Cross-border movement on the Botswana-Namibia border is only allowed on the four border crossings established along the border. Two of the crossing points are popular and facilitate the movement of thousands of people across the border each year, and these are the Ngoma-Mohembo and the Momuno-Buitepos crossing points. Both crossing points are found in remote parts of the border and, therefore, they lack basic infrastructure. The border crossing points are patrolled by immigration officials from Namibia and Botswana who require people to produce necessary documents to be granted permission to cross the border. Among the required documents at the border crossings are the cross-border permit and a valid passport.
Namibia is bordered to the south and southeast by South Africa. The two southern African countries share a long land border that stretches for 601 miles. A considerable stretch of the land border follows the course of the Orange River. The border starts at the mouth of the river on the Atlantic Coast and moves eastwards and upon meeting the 200 east latitude, moves northwards until finally ending at the tripoint where the two countries connect to Botswana.
For centuries, no border existed to separate the two countries as they also did not exist. Indigenous tribes that lived on either side of the current border subsisted on a nomadic lifestyle that involved hunting and gathering. These communities include the modern Khoisan people who reside in southern Namibia and northwestern part of South Africa. The border separating South Africa from Namibia was first demarcated during the late 19th Century when European powers came to the continent to establish colonies. Namibia was carved out as a German colony (German South-West Africa) while South Africa was established as a colony of Great Britain. However, the two European colonial powers regularly clashed over the demarcation of the border separating the two colonies. In 1890, the two colonial powers came together to sign the Heligoland-Zanzibar Treaty which explicitly dictated the delineation of the international border.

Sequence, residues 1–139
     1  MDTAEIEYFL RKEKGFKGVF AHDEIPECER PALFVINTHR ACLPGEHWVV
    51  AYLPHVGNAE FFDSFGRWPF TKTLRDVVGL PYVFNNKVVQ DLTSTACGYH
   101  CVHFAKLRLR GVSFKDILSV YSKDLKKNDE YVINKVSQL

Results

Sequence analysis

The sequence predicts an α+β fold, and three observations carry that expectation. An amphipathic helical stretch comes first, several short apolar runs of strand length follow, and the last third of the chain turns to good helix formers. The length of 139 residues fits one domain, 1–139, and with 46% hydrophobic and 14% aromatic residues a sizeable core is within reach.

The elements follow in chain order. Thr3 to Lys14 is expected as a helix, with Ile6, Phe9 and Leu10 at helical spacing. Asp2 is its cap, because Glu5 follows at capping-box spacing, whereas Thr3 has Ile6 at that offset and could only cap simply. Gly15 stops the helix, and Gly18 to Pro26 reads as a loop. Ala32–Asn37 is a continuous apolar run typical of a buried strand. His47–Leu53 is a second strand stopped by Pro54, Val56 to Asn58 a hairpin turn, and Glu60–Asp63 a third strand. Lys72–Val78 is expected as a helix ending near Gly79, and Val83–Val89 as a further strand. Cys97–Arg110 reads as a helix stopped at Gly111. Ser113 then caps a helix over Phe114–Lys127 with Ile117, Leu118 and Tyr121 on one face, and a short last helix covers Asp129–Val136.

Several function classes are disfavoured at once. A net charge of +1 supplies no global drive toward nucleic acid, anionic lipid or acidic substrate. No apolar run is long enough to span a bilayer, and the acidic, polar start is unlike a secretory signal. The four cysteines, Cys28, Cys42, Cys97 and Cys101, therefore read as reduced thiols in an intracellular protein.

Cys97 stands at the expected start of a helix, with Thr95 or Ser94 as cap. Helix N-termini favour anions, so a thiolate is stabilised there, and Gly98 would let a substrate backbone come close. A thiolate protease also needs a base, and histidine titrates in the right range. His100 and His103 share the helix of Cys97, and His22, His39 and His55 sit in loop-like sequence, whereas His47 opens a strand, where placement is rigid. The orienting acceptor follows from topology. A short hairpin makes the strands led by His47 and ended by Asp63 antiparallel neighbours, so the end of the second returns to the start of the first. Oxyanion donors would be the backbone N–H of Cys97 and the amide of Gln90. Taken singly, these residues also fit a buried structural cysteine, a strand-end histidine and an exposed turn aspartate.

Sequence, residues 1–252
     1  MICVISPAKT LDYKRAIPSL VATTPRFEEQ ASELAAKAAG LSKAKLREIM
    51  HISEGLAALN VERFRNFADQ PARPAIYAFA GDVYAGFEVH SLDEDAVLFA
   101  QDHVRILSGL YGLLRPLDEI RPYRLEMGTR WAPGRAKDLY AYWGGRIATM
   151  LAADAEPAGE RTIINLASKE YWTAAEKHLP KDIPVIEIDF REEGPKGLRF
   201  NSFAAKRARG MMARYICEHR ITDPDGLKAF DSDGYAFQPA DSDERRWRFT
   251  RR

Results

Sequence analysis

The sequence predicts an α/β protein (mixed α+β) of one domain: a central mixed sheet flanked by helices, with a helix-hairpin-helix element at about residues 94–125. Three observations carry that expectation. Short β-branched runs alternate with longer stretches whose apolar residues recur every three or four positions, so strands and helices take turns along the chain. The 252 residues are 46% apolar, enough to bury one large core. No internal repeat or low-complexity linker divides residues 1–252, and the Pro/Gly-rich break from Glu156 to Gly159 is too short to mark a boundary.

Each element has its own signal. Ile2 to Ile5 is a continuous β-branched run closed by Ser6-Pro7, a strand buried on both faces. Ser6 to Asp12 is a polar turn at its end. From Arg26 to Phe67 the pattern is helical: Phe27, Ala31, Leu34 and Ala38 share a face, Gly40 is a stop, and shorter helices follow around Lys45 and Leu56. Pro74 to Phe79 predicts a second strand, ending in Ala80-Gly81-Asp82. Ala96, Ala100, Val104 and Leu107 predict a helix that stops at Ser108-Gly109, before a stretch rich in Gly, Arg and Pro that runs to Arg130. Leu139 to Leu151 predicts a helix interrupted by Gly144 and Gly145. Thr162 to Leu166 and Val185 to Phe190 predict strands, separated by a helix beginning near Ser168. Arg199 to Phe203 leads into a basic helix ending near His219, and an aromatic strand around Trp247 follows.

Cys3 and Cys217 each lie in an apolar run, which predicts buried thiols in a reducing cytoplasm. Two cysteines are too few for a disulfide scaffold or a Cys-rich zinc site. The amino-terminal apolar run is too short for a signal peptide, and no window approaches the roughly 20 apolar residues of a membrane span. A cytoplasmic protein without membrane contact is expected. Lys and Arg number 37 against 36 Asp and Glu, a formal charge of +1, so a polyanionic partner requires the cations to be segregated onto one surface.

The Border Post-Independence
Namibia would cease to be a German colony in the aftermath of the First World War when the colony was invaded and conquered by neighboring South Africa. The two countries would retain the demarcation of the border as defined in the colonial treaty even after attaining self-rule in the late 20th Century. The only exception was an exclave of South Africa at Walvis Bay whose sovereignty was transferred to Namibia after South Africa gained independence in 1994. However, the two countries are yet to agree on the definition of the border along the Orange River. Namibia recognizes that the border is situated at the center of the river while South Africa’s definition claims that the river’s northern bank marks the international boundary.
Border Crossing Points
The border separating South Africa from Namibia runs along a remote part of the continent which experiences harsh climatic conditions. Therefore, settlement along the border is sparse or, in most cases, absent. Nonetheless, the border is extensively patrolled by security agents drawn from the two bordering nations. There are a few border crossing points found on the border where cross-border movement is allowed and facilitated by immigration and custom officials from Namibia and South Africa. Two of the border crossings are situated on wildlife parks which straddle across the border and are exclusively used by tourists. These exceptional crossings are the Sendelingsdrif and the Mata Mata-Welverdiend crossing points.